I tend to view Nicolas Cage's film career as split somewhat down the middle. There is 'interesting and edgy young Nicolas Cage' who turned in odd--if not downright weird--performances in minor films. Sometimes these performances worked against the grain of the film, however, they were always riveting. Then there is 'mainstream Nicolas Cage' who, after winning his Academy Award, tended to make safer choices as a leading man or a heroic figure. Cage's work has always been solid and intelligent, but his acting choices have lost much of their original maverick appeal.

Cage plays Peter Loew, an elitist and pretentious literary agent at a publishing house. Loew fancies himself a ladies' man, but in fact leads a rather cold and lonely life. Loew also speaks with a strange and completely contrived accent, which he feels will make him more interesting to people. Unfortunately, most people only find this annoying--virtually guaranteeing Loew's inability to connect with anyone in a meaningful way. One night, after picking up a beautiful woman (Jennifer Beals), Loew brings her home for what turns out to be a rather violent sexual encounter. When the woman delivers a savage bite to his neck, Loew becomes convinced that she is a vampire and that he will now become a vampire as well. Thus begins Loew's spiral into madness.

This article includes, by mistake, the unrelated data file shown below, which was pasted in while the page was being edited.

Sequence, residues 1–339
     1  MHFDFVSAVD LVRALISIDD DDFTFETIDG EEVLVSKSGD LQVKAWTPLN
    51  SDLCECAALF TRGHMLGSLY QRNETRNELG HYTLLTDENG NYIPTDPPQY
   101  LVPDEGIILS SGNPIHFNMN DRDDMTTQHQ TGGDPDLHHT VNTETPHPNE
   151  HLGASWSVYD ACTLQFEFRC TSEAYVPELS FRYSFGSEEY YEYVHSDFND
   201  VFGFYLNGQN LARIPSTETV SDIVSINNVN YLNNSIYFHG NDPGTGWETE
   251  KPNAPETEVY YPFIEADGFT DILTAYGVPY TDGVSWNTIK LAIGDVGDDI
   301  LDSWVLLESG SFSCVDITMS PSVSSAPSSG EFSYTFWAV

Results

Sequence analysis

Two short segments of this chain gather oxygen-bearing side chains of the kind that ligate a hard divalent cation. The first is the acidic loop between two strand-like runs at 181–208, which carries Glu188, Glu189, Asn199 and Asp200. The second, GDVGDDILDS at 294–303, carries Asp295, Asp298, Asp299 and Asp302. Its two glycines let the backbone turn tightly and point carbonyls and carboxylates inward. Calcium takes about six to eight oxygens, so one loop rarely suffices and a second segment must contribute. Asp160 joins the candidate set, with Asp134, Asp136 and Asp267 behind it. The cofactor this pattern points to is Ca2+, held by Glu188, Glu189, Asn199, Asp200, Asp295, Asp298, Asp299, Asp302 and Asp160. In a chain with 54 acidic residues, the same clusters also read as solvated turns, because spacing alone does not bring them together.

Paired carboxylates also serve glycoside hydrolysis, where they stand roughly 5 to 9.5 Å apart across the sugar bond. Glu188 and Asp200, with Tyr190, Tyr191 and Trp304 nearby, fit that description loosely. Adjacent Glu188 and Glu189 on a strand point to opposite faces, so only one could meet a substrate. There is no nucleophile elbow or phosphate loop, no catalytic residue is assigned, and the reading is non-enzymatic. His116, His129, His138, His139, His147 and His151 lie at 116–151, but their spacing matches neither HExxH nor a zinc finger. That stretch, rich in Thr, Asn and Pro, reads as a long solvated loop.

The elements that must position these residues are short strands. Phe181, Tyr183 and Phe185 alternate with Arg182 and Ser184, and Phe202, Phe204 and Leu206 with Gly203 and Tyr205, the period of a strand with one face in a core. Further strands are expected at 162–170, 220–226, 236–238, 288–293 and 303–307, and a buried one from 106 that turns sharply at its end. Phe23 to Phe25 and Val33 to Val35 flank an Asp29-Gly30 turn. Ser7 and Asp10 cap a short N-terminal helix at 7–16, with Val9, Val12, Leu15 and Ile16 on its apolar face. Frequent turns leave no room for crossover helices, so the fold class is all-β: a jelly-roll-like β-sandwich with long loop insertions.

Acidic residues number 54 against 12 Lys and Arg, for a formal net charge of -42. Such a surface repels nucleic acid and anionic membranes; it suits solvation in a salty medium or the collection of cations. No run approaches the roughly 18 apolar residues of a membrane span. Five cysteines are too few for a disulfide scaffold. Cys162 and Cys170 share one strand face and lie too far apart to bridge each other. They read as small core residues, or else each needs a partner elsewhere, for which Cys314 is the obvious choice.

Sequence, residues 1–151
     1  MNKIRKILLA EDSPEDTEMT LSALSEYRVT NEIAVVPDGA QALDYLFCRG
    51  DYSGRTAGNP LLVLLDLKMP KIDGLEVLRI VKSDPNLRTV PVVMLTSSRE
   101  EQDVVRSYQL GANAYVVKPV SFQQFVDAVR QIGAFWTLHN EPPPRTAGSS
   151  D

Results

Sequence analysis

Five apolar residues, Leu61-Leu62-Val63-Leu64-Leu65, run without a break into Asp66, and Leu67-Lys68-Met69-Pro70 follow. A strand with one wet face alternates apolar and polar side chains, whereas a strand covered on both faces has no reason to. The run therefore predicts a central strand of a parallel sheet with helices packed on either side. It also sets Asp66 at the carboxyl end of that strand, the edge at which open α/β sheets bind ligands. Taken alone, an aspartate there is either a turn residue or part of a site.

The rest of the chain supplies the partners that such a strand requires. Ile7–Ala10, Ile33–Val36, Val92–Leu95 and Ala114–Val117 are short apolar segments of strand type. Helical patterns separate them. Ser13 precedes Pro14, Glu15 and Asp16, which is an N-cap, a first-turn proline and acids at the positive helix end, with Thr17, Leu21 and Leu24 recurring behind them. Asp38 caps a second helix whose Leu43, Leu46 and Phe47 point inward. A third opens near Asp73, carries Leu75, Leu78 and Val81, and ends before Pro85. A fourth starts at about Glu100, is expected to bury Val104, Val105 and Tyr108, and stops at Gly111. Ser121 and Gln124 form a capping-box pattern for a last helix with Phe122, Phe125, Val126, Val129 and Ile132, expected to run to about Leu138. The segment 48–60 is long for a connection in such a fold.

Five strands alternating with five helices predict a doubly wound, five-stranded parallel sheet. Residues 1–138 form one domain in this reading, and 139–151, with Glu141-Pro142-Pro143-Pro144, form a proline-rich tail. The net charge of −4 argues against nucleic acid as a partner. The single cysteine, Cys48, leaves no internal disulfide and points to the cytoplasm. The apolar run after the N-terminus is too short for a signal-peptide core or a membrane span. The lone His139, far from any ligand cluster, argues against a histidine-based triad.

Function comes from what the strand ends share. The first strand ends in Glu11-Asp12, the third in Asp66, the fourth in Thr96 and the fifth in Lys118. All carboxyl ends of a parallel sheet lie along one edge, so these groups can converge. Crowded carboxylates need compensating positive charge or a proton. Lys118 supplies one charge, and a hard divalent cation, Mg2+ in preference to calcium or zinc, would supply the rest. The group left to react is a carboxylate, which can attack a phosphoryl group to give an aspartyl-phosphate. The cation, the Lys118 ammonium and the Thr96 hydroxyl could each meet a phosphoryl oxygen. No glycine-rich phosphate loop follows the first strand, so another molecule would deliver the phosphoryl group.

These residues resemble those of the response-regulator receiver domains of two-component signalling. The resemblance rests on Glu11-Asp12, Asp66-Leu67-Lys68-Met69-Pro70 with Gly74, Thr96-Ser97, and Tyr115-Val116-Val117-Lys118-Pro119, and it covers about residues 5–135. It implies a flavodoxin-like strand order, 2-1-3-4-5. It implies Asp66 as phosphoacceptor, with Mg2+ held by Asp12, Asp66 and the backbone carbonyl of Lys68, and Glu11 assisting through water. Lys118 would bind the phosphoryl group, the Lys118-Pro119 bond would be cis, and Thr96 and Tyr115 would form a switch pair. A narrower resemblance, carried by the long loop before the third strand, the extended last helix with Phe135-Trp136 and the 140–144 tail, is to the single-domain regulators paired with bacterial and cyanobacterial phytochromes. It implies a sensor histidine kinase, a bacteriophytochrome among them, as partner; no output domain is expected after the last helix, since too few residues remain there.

Alva (played to perfection by Maria Conchita Alonso) is Loew's beleaguered and bullied secretary, who finds herself becoming the focus of Loew's escalating and alarmingly inappropriate behavior. He rages at her over the smallest error, verbally abusing her as no other boss has ever abused his secretary. He chases her down the hall, even following her into the ladies' bathroom.